These links are just a selection of my favorite sites with non-commercial societies, clubs etc. These are more or less related to the subject of the Design of Small Model Railways.
Schynige Platte Bahn↗
A personal homepage showing, amongst others, an excellent model of the Schynige Platte rack railway in Switzerland. Almost everything is scratch-build: rolling stock, structures and landscape, all with extremely convincing results.
Small Layout Design Discussion Group
Small-Layout-Design is an e-groups mailing list intended for the average model railroader who does not have an entire basement or even an entire room to devote to a layout.
Marklin Bar & Grill
Marklin Bar & Grill is another e-group mailing list for discussions about model railways of the brand Märklin.
For Marklin enthusiasts everywhere!
My favourite model railroad club, the “Freundeskreis Europäischer Modellbahner e.V.”, is striving to be the best in its class. Has many active mailing lists in German for members.
The goal of the club is to promote the hobby of modelrailroading, in particular its creative and active aspects, as well as the personal contacts between modelrailroaders on a interregional and international level.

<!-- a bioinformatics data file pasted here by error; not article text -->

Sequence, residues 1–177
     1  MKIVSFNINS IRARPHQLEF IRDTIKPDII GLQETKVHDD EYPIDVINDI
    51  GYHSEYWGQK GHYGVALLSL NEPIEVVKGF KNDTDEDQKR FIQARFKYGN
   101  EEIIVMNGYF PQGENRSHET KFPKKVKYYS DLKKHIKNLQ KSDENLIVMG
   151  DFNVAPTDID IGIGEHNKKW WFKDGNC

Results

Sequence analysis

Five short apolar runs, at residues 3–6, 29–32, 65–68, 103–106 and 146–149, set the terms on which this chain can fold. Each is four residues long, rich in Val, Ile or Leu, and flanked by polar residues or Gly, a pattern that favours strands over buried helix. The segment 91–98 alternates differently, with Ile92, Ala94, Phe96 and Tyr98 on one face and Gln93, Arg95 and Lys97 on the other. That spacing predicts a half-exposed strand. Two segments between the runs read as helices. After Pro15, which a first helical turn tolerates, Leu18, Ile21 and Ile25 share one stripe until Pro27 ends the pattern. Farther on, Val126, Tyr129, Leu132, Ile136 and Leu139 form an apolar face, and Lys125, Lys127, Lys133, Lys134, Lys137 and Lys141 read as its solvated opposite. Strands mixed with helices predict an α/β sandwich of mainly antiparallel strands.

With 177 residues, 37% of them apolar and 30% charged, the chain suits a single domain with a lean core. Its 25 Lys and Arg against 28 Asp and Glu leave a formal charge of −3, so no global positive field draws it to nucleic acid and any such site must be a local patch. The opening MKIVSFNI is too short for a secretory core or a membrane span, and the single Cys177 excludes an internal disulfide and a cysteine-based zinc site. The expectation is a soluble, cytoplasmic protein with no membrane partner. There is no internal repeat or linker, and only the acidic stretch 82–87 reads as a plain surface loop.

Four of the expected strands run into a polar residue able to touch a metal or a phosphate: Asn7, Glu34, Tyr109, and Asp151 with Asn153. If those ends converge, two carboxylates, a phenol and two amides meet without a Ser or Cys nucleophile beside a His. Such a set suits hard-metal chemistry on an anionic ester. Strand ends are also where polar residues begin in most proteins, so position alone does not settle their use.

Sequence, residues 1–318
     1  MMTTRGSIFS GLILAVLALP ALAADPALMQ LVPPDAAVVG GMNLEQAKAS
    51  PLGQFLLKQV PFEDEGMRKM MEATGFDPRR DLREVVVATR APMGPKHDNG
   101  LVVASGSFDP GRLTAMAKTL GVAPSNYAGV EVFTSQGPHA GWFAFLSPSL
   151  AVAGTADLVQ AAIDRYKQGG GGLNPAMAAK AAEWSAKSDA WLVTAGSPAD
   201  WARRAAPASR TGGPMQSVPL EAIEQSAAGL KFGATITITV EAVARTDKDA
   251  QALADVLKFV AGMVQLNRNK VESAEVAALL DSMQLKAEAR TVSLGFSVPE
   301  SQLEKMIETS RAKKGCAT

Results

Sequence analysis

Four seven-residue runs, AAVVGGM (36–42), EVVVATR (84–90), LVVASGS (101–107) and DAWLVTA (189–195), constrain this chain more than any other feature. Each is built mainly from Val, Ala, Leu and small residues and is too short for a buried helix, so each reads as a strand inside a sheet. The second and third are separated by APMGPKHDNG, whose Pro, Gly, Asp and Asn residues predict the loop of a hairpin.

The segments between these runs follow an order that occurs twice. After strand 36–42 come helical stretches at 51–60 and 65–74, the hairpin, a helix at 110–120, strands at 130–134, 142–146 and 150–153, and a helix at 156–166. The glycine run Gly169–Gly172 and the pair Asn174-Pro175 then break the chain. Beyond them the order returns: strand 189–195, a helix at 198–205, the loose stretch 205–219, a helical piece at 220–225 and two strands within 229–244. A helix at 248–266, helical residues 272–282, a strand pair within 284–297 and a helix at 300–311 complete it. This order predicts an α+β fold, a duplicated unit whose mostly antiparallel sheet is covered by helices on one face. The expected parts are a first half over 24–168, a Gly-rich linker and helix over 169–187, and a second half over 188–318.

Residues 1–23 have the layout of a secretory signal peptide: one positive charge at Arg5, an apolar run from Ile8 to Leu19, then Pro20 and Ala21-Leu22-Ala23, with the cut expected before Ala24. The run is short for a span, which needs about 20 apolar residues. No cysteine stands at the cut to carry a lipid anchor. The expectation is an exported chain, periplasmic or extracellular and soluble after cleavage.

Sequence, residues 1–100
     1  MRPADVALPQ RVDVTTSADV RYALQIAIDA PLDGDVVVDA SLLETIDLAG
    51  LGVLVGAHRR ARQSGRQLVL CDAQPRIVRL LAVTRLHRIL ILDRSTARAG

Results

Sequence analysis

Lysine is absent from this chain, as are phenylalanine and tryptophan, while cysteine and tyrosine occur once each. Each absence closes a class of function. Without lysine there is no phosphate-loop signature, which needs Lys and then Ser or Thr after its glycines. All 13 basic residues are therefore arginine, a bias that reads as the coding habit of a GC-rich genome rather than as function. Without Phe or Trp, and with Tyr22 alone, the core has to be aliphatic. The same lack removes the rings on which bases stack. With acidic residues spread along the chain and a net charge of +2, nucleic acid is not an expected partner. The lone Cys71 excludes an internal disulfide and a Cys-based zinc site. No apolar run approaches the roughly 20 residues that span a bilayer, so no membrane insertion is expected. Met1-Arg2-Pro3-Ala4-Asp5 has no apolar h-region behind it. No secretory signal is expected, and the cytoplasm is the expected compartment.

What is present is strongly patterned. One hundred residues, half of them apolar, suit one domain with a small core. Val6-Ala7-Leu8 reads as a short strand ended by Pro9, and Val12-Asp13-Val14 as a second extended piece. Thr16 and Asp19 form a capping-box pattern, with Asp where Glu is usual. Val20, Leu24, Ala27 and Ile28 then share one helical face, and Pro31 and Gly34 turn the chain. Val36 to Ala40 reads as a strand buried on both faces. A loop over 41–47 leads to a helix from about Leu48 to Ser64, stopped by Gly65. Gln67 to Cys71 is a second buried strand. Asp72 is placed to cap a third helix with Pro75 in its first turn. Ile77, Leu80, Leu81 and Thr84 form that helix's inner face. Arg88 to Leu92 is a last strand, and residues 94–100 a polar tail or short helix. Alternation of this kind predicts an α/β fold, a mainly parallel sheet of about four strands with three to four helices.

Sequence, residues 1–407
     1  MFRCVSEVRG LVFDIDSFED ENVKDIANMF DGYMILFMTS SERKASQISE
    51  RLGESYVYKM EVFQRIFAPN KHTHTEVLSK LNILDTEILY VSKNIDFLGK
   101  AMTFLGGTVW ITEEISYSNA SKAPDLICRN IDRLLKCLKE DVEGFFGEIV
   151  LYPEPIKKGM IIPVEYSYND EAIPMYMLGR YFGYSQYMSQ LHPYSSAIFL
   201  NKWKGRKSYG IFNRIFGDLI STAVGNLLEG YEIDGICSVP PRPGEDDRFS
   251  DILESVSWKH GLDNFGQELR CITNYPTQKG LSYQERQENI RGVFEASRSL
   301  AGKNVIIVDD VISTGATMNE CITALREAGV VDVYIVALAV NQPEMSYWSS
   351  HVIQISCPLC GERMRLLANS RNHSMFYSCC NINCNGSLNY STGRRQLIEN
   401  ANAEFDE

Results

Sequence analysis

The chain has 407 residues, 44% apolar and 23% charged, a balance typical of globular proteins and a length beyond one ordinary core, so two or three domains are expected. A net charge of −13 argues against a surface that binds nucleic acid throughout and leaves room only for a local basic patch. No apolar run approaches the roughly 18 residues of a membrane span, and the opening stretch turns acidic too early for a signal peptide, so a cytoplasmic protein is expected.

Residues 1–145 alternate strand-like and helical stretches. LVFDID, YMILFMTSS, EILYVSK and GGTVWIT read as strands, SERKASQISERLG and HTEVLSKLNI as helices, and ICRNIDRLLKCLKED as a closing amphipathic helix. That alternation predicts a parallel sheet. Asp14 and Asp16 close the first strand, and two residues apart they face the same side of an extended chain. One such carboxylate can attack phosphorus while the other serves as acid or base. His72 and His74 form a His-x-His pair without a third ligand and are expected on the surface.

Another favourite model railroad club about Swiss meter-gauge railways, especially the Rhatian railways.
The on-line magazine about funiculars. Funiculars are a particular kind of transportation which reminds me of holidays.
For lots of links about DCC see the “Resource Page”, also caters a mailing list about DCC.
These links point to the manufacturers whose products I’ve used in my plans. The choice of manufacturers is my personal one based on my perception of market share, popularity and usability.
Almost all plans have been designed with WinRail software. I didn’t select this package based on a careful analysis, but it does what it should do. It’s performing well with sectional track systems, but manipulating flextrack can be quite cumbersome.